Well, it took embarrassingly long for me to see this but there’s really a very simple resolution to the quandary I posted Monday. The key point is this:
In a flexible price world, anybody can supply money at a social cost of zero. In a fixed price world, only the government can.
To be more precise: I currently hold $11. Suppose I agree to hold a twelfth. In a flexible-price world, I can get this dollar from the government (which prints it up at zero cost) or I can get it from my friend Jeeter, whereupon the price level adjusts and the rest of the world’s real balances (including Jeter’s) are restored to their original level. No social cost either way. In a fixed-price world, I can get this dollar from the government (which prints it up at zero cost) or I can get it from my friend Jeeter, whereupon prices don’t move and the rest of the world’s real balances are reduced. Zero social cost one way, positive social cost the other way.
This turns Monday’s question into a non-question. The question was, in essence: “If I demand money from a zero-cost supplier, there should be an efficiency gain. When the supplier is not the government, who gets the gain?” The answer is: If the supplier is not the government, he’s not a zero-cost supplier.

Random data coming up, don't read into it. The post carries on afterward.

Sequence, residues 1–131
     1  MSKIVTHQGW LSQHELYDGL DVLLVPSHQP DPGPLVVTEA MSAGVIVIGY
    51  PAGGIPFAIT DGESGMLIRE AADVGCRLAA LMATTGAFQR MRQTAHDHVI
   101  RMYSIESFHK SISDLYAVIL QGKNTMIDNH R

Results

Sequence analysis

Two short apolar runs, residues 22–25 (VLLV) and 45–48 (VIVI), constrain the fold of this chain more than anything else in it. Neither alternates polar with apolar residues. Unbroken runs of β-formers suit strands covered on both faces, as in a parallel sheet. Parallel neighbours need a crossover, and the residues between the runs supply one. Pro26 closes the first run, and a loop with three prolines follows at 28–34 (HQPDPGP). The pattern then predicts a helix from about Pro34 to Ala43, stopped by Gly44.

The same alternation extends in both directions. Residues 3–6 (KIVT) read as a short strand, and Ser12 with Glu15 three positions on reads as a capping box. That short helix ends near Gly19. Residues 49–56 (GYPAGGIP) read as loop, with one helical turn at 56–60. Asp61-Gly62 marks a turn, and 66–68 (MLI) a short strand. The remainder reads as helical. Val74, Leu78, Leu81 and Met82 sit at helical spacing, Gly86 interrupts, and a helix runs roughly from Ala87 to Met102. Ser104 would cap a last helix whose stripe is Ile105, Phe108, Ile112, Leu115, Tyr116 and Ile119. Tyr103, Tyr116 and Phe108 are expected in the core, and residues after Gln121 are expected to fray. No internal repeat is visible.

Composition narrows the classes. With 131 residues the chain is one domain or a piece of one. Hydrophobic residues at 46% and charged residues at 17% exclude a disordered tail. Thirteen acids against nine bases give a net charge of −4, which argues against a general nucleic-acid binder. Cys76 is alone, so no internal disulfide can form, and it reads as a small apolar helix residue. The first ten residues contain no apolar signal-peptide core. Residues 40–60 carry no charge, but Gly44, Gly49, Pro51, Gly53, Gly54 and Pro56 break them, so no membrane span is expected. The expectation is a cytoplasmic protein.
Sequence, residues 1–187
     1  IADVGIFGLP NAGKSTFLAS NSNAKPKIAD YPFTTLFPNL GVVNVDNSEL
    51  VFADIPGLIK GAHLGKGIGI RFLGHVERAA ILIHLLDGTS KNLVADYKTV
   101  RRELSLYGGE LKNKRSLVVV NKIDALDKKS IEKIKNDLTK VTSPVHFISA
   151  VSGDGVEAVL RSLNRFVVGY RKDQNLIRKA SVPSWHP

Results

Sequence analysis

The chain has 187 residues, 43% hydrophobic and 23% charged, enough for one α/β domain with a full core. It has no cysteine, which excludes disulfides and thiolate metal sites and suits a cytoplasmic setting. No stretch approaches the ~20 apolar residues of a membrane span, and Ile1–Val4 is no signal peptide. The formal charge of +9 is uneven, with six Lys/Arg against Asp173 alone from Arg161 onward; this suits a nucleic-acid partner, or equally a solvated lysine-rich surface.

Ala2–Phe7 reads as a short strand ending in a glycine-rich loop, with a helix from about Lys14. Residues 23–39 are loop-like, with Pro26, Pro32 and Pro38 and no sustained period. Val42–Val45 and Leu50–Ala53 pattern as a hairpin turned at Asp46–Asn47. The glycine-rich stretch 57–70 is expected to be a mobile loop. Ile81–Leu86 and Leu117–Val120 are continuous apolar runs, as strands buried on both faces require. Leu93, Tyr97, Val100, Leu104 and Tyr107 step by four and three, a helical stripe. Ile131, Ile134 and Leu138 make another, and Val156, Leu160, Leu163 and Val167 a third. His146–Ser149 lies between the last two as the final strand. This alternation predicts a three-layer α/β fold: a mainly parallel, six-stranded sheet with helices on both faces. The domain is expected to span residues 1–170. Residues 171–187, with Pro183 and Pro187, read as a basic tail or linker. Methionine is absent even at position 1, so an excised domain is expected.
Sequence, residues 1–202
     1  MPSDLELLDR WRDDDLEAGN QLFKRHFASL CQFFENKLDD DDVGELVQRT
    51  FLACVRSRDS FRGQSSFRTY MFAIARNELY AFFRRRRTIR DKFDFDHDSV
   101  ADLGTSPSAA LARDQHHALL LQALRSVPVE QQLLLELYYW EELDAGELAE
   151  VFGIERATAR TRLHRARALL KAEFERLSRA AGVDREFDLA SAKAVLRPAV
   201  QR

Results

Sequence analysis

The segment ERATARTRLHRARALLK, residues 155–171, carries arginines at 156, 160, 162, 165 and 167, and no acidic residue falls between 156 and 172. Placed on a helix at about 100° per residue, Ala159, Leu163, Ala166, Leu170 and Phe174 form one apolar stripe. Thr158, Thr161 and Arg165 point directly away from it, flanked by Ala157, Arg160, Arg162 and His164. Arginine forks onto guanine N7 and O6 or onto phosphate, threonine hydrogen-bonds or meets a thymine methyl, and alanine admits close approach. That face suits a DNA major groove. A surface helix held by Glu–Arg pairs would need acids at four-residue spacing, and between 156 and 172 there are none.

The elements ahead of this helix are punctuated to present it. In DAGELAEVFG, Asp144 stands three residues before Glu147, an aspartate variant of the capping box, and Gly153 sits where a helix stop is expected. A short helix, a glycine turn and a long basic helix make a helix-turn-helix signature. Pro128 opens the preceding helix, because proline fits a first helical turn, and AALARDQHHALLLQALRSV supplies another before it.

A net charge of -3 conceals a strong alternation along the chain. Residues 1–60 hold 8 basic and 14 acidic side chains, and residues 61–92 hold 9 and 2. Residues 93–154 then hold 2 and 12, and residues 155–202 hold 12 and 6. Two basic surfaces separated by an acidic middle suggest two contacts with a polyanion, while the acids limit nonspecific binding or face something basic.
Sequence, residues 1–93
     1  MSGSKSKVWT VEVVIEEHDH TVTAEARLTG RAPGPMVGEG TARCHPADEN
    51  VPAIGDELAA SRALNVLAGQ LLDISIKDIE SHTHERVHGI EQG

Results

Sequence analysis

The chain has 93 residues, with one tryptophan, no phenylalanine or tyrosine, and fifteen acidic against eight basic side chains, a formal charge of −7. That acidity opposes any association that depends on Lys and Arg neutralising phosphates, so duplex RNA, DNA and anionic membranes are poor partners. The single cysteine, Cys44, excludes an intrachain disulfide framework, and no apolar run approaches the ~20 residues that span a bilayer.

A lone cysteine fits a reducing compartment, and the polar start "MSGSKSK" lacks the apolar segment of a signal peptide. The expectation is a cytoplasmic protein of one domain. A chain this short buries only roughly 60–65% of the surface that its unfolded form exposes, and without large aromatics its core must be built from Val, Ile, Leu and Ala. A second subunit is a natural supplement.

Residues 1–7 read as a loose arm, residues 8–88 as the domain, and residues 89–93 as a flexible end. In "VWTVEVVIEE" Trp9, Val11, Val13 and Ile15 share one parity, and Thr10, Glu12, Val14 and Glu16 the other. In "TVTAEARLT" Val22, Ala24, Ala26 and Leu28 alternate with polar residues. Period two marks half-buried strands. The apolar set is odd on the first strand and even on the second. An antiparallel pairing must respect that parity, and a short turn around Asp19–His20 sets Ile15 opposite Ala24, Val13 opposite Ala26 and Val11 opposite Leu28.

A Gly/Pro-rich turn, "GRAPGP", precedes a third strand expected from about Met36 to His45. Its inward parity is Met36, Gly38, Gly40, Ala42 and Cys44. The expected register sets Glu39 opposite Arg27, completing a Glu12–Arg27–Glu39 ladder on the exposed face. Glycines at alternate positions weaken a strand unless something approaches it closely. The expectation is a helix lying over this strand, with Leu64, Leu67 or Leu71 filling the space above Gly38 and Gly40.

It also impacts on Friday’s problem: It seems to me that in a fixed-price world, you’d absolutely want the government to flood the economy with zero-cost money up to the point where people are satiated with real balances. If people hold money only because of a cash-in-advance constraint that’s no longer binding (i.e. in a liquidity trap) then there’s no point in printing any more.
I have not fully digested all the comments. My apologies to anyone who tried to explain this to me but failed to penetrate my thick head. Apologies also to others who said interesting things I haven’t yet digested. And many thanks to Jim Kahn who instantly saw the answer so clearly that he couldn’t figure out what the question was, and expressed it in language that forced me to see the light.